SB 3740
Introduced: Jan. 28, 2010
Content: used ALAC model language
Status: withdrawn

HB 1353 (“Material Support to Designated Entities Act of 2011”)
Introduced: Feb. 16, 2011
Content: criminalized “Sharia organizations,” defined as two or more persons conspiring or acting in support of sharia
Status: amended on May 20, 2011, to omit mention of sharia and instead refer to “terrorist organizations”; signed into law on June 21, 2011, as Pub. Ch. 497 (PDF)

SB 1028 (“Material Support to Designated Entities Act of 2011”)
Introduced: Feb. 16, 2011
Content: criminalized “Sharia organizations,” defined as two or more persons conspiring or acting in support of sharia
Status: withdrawn

Legislation Introduced

Between 2010 and 2012, Texas lawmakers introduced at least seven bills to restrict the use of foreign or religious law in state courts. Two bills contained language similar or identical to the ALAC model legislation. A third bill, a proposed amendment to the state constitution, banned courts from considering or applying “a religious or cultural law.” Another bill prohibited courts from getting involved in “religious doctrinal interpretation or application.” A fifth bill barred rulings based on any foreign law not recognized by Texas or the U.S. All five bills died in committee.

In addition, two other bills that did not originally concern foreign law were briefly amended to contain language similar or identical to ALAC. However, the language was removed before the bills were enacted into law.

Current as of December 2012

HJR 57
Introduced: Jan. 11, 2011
Content: constitutional amendment banning judicial consideration of “a religious or cultural law”
Status: died in committee

HB 911
Introduced: Jan. 26, 2011
Content: used ALAC model language
Status: died in committee

HB 999
Introduced: Jan. 31, 2011
Content: barred courts from “religious doctrinal interpretation or application”
Status: died in committee

HB 1240
Introduced: Feb. 10, 2011
Content: barred courts or other adjudicators from ruling based on any foreign law not recognized by Texas or the U.S.
Status: died in committee

HB 3027
Introduced: March 10, 2011
Content: used ALAC model language
Status: died in committee

HB 274
Amendment 6, containing ALAC model language, added on May 9, 2011 by the House; bill passed by the House on May 10, 2011; ALAC language removed by the Senate on May 24, 2011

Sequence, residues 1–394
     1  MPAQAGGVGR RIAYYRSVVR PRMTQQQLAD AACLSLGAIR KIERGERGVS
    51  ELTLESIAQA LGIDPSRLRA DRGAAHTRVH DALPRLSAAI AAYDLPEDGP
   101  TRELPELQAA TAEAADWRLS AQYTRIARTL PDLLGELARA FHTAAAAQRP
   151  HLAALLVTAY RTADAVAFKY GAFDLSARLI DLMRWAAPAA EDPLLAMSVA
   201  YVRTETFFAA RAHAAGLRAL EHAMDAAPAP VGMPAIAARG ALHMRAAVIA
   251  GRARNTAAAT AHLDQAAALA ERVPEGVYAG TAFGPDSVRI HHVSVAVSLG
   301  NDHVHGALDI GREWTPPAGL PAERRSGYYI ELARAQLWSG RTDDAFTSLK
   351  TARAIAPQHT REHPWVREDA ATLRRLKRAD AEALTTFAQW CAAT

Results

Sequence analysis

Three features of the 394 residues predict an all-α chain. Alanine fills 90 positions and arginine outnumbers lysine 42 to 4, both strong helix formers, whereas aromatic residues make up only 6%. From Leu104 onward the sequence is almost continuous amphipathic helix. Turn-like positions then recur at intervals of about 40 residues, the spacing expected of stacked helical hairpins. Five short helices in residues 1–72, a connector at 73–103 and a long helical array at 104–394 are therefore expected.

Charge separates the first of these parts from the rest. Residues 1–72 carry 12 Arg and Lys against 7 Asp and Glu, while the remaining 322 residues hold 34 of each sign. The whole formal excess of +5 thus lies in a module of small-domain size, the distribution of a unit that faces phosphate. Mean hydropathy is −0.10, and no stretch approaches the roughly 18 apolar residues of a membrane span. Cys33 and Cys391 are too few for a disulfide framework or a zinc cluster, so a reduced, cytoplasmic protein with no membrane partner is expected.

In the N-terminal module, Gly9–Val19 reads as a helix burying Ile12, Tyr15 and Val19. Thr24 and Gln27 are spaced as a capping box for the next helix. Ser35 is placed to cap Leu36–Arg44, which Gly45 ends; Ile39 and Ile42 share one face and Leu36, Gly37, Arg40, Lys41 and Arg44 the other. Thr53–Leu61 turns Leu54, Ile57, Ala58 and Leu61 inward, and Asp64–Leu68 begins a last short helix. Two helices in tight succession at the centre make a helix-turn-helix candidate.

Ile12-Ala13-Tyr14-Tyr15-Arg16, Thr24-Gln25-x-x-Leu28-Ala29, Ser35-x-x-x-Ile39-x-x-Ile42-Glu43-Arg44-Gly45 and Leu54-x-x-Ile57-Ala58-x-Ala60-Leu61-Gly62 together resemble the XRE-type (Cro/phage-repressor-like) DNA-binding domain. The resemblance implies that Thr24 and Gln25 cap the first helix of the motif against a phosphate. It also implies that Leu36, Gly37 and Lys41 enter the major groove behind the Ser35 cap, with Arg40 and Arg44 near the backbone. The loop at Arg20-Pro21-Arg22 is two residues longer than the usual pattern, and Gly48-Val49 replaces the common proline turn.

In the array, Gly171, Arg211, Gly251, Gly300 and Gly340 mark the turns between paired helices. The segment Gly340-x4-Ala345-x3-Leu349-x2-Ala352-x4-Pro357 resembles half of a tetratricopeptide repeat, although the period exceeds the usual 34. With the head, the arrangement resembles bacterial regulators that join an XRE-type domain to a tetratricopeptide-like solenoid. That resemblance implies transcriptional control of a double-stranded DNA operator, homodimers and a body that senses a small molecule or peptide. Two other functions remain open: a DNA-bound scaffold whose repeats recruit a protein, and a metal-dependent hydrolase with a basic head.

HB 79
Amendment 12, containing ALAC model language, added on June 21, 2011 by the House; ALAC language removed by the House on June 22, 2011

Legislation Introduced

Between 2010 and 2012, Utah lawmakers introduced at least one bill to restrict the use of foreign or religious law in state courts. The bill, which contained language similar or identical to the ALAC model legislation, died at the end of the 2010 legislative session.

Current as of December 2012

HB 296 (“Choice of Law in Utah Courts”)
Introduced: Feb. 5, 2010
Content: used ALAC model language
Status: died at the end of the House session on March 11, 2010

Legislation Introduced

Between 2010 and 2012, Virginia lawmakers introduced at least two bills to restrict the use of foreign or religious law in state courts. One bill contained language similar or identical to the ALAC model legislation. Both bills were carried over to the 2013 legislative session.

Current as of December 2012

HB 631
Introduced: Jan. 11, 2012
Content: used ALAC model language
Status: carried over to 2013 legislative session; in committee

HB 825
Introduced: Jan. 11, 2012
Content: barred state courts and agencies from basing rulings on foreign law, except to the extent required or authorized by the U.S. or Virginia constitutions
Status: carried over to 2013 legislative session; in committee

Legislation Introduced

Between 2010 and 2012, West Virginia lawmakers introduced at least one bill to restrict the use of foreign or religious law in state courts. The bill, which contained language similar or identical to the ALAC model legislation, died in committee.

Current as of December 2012

HB 3220
Introduced: Feb. 21, 2011
Content: used ALAC model language
Status: died in committee

Legislation Introduced

Between 2010 and 2012, Wyoming lawmakers introduced at least one bill to restrict the use of foreign or religious law in state courts. The bill, a proposed amendment to the state constitution, explicitly prohibited judicial consideration of sharia and foreign law. The bill died in committee.

Current as of December 2012

HJR 8 (“Sharia law”)
Introduced: Jan. 20, 2011
Content: constitutional amendment banning judicial consideration of the "legal precepts of other nations or cultures,” including “international law and Sharia law”
Status: died in committee